Dig Into Elevated Ethnic Cuisine at These Delaware Restaurants

When it comes to selecting where to get your sushi on, The Small Wonder has a big list from which to choose.

Carne asada with filet mignon is a signature dish at El Camino Mexican Kitchen in Brandywine Hundred, which puts a modern spin on Latin-influenced cuisine. Photo by Becca Mathias

For food lovers in Delaware, these upscale culinary establishments put the fun in fine dining.

When Dan Butler opened Griglia Toscana in 1991, Delaware diners were accustomed to red gravy houses with huge portions, checkered tablecloths and cheap red wine. Toscana’s dining room, however, was a study in minimalist style and boasted an open kitchen, a cutting-edge feature. Meanwhile, the menu showcased pizzas with smoked duck and arugula, risotto with porcini mushrooms and veal grilled with fresh herbs.

“My experience had been in Miami, Washington, D.C., and Tampa,” recalls the Culinary Institute of America graduate. But Butler wanted to bring his talent to his hometown. Smart move—residents were hungry for change. “People were very willing to have a more upscale [Italian] experience,” he says.

“In elevated restaurants, the presentation also matters.”

Rechristened Piccolina Toscana, the Trolley Square restaurant paved the way for modern Italian-inspired eateries, including Bardea Food & Drink in downtown Wilmington and Capers & Lemons in Hockessin.

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However, the upscale urban trend isn’t limited to Italian food. For example, consider The Cultured Pearl in Rehoboth with its rooftop koi pond; Raas, an Indian restaurant in historic Lewes; and El Camino Mexican Kitchen in north Wilmington.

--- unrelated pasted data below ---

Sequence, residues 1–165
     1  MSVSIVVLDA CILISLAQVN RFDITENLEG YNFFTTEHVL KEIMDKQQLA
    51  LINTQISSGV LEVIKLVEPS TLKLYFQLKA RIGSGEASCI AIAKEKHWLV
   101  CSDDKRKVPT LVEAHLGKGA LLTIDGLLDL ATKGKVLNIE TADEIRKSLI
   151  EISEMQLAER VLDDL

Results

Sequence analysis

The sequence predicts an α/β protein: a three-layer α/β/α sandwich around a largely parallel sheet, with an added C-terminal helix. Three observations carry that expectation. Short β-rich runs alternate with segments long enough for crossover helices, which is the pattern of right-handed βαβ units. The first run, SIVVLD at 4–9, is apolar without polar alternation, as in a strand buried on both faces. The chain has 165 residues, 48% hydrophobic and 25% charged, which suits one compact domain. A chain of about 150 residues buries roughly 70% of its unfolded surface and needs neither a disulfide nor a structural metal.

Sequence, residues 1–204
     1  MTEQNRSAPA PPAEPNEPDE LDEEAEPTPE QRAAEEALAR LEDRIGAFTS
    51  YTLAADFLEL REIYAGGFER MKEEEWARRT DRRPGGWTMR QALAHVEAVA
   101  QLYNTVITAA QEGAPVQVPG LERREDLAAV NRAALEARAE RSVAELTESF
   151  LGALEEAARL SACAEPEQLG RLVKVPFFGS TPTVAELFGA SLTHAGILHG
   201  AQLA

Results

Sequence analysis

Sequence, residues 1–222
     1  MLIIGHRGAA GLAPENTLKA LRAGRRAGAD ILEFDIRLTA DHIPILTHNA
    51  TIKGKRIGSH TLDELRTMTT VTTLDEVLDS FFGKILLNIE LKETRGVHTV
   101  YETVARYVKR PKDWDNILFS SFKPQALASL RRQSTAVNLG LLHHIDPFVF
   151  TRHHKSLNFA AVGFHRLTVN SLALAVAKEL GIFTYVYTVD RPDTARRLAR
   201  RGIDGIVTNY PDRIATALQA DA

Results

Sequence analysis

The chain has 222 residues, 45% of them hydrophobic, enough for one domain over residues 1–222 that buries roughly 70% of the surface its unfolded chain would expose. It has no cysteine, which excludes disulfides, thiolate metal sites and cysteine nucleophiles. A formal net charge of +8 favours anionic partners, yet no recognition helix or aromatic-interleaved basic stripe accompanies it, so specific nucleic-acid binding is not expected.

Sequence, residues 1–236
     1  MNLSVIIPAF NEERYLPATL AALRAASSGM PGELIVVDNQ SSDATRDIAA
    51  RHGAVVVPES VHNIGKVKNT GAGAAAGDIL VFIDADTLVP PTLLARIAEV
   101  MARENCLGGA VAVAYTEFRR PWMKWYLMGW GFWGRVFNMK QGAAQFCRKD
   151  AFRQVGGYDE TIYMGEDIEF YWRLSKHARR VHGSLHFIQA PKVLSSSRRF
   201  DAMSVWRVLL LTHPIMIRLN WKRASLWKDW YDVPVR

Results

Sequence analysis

Admittedly, some may balk at paying more for pad Thai, chicken tikka masala or fish tacos when they can get those items at the local takeout shop. So, what takes an ethnic eatery to the next level?

Quality, for one. “All my ingredients are fresh,” maintains Gyanendra Gupta of Raas, better known to customers as “Chef GG.” “I don’t use tinned tomatoes, and the preparation is different.” For instance, he won’t make the same sauce for multiple dishes, adding a spice here or there for a curry or vindaloo. Instead, he makes each sauce for a specific style using spices from India.

In elevated restaurants, the presentation also matters. “Mexican food is so naturally colorful, and we try to present it beautifully,” says Jeff Matyger, corporate chef for Platinum Dining Group, which owns El Camino. “It’s like an artist’s palette. We focus on the technique, the textures and the flavors.”

Speaking of presentation, plates, cutlery and atmosphere influence the price point—and don’t forget the specialty glassware for an expanded program, all of which boost the tab. “If you can deliver the experience,” GG says, “you can command more.”